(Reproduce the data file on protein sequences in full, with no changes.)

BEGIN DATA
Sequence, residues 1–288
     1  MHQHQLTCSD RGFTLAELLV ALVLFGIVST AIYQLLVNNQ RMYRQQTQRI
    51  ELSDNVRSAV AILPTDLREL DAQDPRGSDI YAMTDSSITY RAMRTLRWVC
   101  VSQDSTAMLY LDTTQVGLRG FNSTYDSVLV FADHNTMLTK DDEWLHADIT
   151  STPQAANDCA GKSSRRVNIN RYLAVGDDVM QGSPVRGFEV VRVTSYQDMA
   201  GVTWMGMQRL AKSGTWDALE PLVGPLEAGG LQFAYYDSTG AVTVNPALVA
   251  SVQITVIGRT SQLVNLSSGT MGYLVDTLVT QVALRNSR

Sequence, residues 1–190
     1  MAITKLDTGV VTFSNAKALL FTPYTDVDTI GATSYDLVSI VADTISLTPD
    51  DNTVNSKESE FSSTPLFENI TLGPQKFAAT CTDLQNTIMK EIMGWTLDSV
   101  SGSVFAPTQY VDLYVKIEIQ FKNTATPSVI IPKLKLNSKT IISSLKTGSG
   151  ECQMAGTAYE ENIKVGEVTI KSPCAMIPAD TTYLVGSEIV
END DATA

Sequence, residues 1–288
     1  MHQHQLTCSD RGFTLAELLV ALVLFGIVST AIYQLLVNNQ RMYRQQTQRI
    51  ELSDNVRSAV AILPTDLREL DAQDPRGSDI YAMTDSSITY RAMRTLRWVC
   101  VSQDSTAMLY LDTTQVGLRG FNSTYDSVLV FADHNTMLTK DDEWLHADIT
   151  STPQAANDCA GKSSRRVNIN RYLAVGDDVM QGSPVRGFEV VRVTSYQDMA
   201  GVTWMGMQRL AKSGTWDALE PLVGPLEAGG LQFAYYDSTG AVTVNPALVA
   251  SVQITVIGRT SQLVNLSSGT MGYLVDTLVT QVALRNSR

Sequence, residues 1–190
     1  MAITKLDTGV VTFSNAKALL FTPYTDVDTI GATSYDLVSI VADTISLTPD
    51  DNTVNSKESE FSSTPLFENI TLGPQKFAAT CTDLQNTIMK EIMGWTLDSV
   101  SGSVFAPTQY VDLYVKIEIQ FKNTATPSVI IPKLKLNSKT IISSLKTGSG
   151  ECQMAGTAYE ENIKVGEVTI KSPCAMIPAD TTYLVGSEIV